It is a small, haunted town resting under the shadows of three-storey buildings that for their time were the flexing bicep of American industrial innovation. This is not the assembly line of Ford, nor the factories that to Marx's conscience and mind became a red flag. No, the very bricks you pass by on hand-built streets seem to contain the history that their buildings, filled with images of the game's greats on tiny cardboard squares, had turned into a commodity.
The game was invented here, by Abner Doubleday, the man who was the first to pull a trigger at Fort Sumter, and a field carrying his name sits between the shops and the museum which stand to remember the near two-hundred year history of his miraculous creation.
Later that afternoon, I was going to watch the greatest athlete the Pacific Northwest has ever known, the man singlehandedly responsible for ensuring that the Seattle Steelheads' legacy would have some sort of continuity into the twenty-first century, enter the hallowed hall that recognizes the game's greatest. The man who once hit back-to-back home runs with his own father, the boy who returned to the city that raised him in the twilight of his career, the kid who saved an entire institution from obsolescence. And the incredible part is that only one thing I've written up to this point is demonstrably false.
The ceremony itself is, truthfully, abysmally boring. You have to get there two hours before it starts, because you won't be able to see anything otherwise. Hell, you get there two hours early and you still won't be able to see anything. Fifty thousand people, crammed a one field shoulder to shoulder, knowing full well they won't see the face of their respective hero talking but knowing that just being there means something, just like the Doubleday myth tries to tell us that there is some continuity to this whole thing that can be felt on the very ground upon which we were standing.
Think about this for a second:
The ceremony was mostly drowned out by Mets fans, able to drive a short distance to see their single greatest hero's finest hour as he legitimized a franchise relegated to either mockery or cocaine-induced luck. His name fit that four-syllable chant almost all too well, and it kept popping up in the middle of his speech at the most inopportune of times. But he talked about what it was like in September that one year, and he mentioned Queens, which made a 350-pound grown-ass man sitting next to me openly weep. He mentioned how Tommy Lasorda suggested the Dodgers draft him simply as a favor to his blue-collar father, and he held it together as his words made even my jaw quiver a little bit. Then he finished up and stepped off the stage, and Mets fans started picking up their chairs and heading for the exit. And if we're being honest, I wouldn't have wanted it any other way.
Ken Griffey Jr walked up to the podium and the crowd started to thin. He was at once everyone's favorite baseball player but more importantly, he was our favorite, my favorite. He meant different things to different people but as I watched space between bodies start to grow greener, and listened to my childhood hero choke his way through the highest honor of his life, I knew that this was how it was meant to be: despite the rumors, despite the headlines and the trades and the thisandthethat, if you were there for him, he would be there for you:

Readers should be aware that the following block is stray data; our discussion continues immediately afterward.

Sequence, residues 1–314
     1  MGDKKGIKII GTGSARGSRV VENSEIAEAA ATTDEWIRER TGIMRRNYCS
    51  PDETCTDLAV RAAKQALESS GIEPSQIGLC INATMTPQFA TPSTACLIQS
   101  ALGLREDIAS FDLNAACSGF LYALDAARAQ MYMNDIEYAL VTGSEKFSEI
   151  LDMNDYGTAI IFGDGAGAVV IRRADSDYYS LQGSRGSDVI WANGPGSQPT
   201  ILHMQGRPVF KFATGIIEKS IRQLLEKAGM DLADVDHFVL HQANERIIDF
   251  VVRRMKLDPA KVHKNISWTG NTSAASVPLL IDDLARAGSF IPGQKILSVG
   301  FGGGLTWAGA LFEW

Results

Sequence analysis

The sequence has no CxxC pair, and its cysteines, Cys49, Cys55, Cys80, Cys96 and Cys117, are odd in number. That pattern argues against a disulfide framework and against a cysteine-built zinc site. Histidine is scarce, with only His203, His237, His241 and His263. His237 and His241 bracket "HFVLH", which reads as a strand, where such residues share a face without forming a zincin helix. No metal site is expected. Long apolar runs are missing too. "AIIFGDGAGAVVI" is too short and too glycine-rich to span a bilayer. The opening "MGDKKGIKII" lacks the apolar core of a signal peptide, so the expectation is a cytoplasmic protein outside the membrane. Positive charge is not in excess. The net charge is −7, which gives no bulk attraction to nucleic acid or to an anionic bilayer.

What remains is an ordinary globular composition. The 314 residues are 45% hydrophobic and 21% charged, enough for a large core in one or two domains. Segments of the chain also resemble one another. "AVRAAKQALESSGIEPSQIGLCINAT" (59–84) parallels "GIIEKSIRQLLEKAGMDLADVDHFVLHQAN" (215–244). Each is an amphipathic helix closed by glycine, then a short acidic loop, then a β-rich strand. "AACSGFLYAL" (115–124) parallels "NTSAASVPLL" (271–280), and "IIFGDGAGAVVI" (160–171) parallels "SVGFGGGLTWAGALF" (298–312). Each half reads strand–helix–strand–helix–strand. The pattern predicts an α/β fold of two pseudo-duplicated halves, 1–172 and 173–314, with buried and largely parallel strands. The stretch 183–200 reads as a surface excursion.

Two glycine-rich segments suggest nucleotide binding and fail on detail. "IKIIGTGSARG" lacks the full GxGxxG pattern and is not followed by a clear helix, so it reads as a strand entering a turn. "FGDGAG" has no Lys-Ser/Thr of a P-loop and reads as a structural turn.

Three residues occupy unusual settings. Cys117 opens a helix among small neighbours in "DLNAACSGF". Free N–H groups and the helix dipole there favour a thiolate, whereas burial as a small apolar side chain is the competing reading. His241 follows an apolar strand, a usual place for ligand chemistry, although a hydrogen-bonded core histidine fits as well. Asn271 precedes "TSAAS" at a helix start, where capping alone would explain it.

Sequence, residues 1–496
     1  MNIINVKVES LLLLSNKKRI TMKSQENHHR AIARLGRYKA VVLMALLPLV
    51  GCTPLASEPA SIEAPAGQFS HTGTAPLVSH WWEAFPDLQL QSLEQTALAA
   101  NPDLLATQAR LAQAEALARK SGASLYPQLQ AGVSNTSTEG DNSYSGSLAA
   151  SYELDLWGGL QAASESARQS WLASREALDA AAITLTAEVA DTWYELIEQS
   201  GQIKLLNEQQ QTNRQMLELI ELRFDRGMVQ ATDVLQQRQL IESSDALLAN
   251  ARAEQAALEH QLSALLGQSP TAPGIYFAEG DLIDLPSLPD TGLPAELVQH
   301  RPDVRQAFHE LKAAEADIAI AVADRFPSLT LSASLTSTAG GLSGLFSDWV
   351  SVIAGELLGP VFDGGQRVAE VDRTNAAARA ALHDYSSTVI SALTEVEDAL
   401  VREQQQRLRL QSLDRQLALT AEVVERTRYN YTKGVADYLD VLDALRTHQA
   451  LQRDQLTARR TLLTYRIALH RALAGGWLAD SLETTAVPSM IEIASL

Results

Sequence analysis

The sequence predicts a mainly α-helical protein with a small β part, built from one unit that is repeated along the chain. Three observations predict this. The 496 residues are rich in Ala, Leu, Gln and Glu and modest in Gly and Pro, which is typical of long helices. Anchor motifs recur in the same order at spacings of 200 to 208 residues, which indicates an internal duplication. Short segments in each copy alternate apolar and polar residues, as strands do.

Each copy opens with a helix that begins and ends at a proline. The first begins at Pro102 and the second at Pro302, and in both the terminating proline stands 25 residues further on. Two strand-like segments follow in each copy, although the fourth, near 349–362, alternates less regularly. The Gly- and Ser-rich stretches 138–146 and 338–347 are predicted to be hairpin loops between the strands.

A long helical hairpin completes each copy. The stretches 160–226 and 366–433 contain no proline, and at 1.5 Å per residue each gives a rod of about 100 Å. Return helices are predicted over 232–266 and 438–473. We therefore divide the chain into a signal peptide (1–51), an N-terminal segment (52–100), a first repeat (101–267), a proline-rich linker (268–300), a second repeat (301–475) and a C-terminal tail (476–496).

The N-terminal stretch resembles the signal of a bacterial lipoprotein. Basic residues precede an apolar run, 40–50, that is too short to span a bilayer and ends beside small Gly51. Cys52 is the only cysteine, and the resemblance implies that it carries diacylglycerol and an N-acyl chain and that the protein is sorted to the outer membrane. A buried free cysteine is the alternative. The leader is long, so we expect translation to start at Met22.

Griffey's speech was, if we're being honest, nothing to write home about. But that's exactly why it was perfect: he stumbled, nakedly, in a way that he was never allowed to on the field. The best of his generation, the backwards hat, a superstar whose abilities for a ten-year window were all but unmatched was able to finally put his guard down and stand up in front of the people who loved him the most and let his bottom lip quiver a little bit. By the time he said that the one thing he learned was that your first team is the one which will treat you the best, I was wiping my eyes with him.
As we left I thought about how great it would be to drive up here for Edgar, and Ichiro. I started to do math in my head to plan when I'd be sitting here to see Felix, and realized that if I was able to make it to the end of Griffey's speech I wouldn't be able to even see the king through blurry eyes. Then we all funneled onto the tiny street designed for a tractor, or two Model Ts, and it looked like this:
Those are indeed people, head to head, as far as you can see to the vanishing point.
The rest of the weekend was great--the Hall brought me face to face with a Christy Mathewson card, the original Ichimeter, the stained sock, and even the bat from The Natural. But as I was shepherded through those designed rooms I was bumping into others wearing Griffey jerseys, and it felt kind of like one big, collective hangover. Knowing we were looking at things important and yet still asking questions about the night before. It could not have been better. Well, except for the whole not wearing sunscreen thing.